Testamentary Freedom

Testamentary Freedom

In English law you are free in your Will to leave your assets to whomsoever you like subject to providing for those who are dependent on you, normally your partner and minor children. However this principle has been challenged in court. The case known as Ilott vs Mitson that began in 2007 has recently been adjudicated on by the Supreme Court, the highest court in the land.

Mrs Jackson died leaving her £486,000 estate to the Blue Cross, RSPB and RSPCA charities.  Her daughter, Heather Ilott, from whom she was estranged for 26 years brought a claim that she should be entitled to money from her mother’s estate.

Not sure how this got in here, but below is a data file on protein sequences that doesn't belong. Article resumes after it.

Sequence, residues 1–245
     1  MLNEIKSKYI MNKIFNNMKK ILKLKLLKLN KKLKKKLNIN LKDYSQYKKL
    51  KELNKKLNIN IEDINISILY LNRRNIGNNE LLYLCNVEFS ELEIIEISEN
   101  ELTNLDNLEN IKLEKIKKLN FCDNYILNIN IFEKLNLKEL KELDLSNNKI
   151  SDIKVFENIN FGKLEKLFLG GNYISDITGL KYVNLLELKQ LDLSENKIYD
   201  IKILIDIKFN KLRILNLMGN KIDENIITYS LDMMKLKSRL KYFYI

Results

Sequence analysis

In 2007, a County Court ruled that Ilott should receive £50,000 from her deceased mother’s estate. Mrs Ilott appealed and was eventually awarded £163,000 by the Court of Appeal in 2015. The three charities appealed this decision.

After a decade of litigation, the Supreme Court ruled unanimously this month in favour of the three charities, stating that the County Court judge had made the correct decision on the grounds of testamentary freedom in 2007.  It thereby restored his original order awarding Mrs Ilott £50,000.

This case is an important victory for the Charities as it would otherwise have set a precedent for them since they benefit hugely from charitable legacies in Wills.

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